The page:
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"Highest Stigma For Sex Workers" Maria Rae, Mercury, 22 August 2008, pg 10

Tasmanian sex workers face the highest levels of stigma in the country.

As a community forum today the Australian Sex Workers Association will be pushing for less discrimination and more services.

Chief Executive Officer Janelle Fawkes said workers struggled to get home loans, child care and non-judgemental health services because of the stigma attached to their job.

"On paper, it looks like they have no income," she said.

Ms Fawkes blamed a morally charged assumption that all sex workers were forced into the industry or were exploited.

"It seems a lot of decisions made about what sex workers need have been based on these assumptions rather than evidence," she said.

"I think the Tasmanian Government needs to send a very clear message to its community that its not acceptable to discriminate against sex workers."

She said Tasmania was the only jurisdiction not to have a self-funded sex work project.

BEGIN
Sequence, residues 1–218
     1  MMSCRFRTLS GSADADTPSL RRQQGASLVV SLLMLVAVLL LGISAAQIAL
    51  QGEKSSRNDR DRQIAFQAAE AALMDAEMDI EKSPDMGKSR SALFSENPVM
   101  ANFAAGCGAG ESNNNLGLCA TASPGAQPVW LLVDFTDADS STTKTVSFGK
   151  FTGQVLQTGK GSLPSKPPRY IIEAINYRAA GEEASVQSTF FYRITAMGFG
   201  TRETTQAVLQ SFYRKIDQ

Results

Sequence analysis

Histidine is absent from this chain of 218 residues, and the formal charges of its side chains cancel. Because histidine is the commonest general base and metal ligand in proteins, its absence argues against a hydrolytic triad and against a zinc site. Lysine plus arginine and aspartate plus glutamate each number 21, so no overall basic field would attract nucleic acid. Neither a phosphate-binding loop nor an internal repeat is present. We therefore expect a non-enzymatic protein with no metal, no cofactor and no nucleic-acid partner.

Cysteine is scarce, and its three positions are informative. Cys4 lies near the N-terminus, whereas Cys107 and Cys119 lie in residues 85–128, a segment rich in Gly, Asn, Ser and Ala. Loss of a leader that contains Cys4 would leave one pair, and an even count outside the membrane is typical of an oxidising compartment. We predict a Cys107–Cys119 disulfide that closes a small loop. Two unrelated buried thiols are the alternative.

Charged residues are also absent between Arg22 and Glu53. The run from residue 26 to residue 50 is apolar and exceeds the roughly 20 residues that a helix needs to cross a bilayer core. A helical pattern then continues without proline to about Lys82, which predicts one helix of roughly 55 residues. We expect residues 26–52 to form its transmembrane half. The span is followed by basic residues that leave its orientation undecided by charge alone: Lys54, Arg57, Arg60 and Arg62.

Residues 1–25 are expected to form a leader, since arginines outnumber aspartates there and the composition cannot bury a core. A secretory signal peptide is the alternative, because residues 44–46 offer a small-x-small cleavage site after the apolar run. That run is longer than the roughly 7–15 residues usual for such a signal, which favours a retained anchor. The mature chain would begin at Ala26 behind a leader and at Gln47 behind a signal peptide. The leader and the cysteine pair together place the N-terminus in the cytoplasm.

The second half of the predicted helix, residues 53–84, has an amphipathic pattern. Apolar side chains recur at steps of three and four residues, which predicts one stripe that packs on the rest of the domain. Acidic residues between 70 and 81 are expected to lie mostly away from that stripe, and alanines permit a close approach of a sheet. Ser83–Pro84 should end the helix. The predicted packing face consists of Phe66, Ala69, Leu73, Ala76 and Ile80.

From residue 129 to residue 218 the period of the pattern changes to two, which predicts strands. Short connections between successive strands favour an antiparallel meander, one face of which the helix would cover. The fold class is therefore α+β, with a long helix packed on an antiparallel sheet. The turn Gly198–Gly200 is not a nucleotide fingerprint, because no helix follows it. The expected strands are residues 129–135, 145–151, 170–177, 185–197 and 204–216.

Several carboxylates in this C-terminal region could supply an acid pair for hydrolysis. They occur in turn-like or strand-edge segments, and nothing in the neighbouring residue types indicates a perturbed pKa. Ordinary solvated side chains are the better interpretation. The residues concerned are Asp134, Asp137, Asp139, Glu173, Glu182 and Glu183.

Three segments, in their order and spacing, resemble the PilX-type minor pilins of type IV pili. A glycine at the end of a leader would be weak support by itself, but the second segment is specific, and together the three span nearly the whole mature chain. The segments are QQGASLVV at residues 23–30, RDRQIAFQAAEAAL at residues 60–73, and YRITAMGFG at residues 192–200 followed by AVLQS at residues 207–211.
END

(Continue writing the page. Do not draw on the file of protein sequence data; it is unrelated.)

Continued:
The group Scarlet Alliance has worked on a pilot project to provide services to 60 Tasmanian sex workers during the past two years.

But Ms Fawkes said such a service could not be sustained.

"Services have been occurring on a low scale but the costs of that can't be carried by Scarlet Alliance any further," she said.

And an outreach service was needed to provide safe-sex equipment to the workers at their place of business, Ms Fawkes said.

"A community based organisation is relatively low-cost," she said.

This would also have an impact on the health of the wider community as sex workers pass on safe practices, she said.

"They are the educators of clients who don't precieve themselves at risk of HIV," she said.

It would also break down the isolation that some sex workers felt.

"That needs to cover the whole of Tasmania, not just Hobart and Launceston," Ms Fawkes said.

She said the service could also provide referrals to legal and taxation advice.

"Without such a service, we find sex workers are socially isolated and unsupported," she said.

"Sex workers need their own project to help fight the high levels of stigma and discrimination."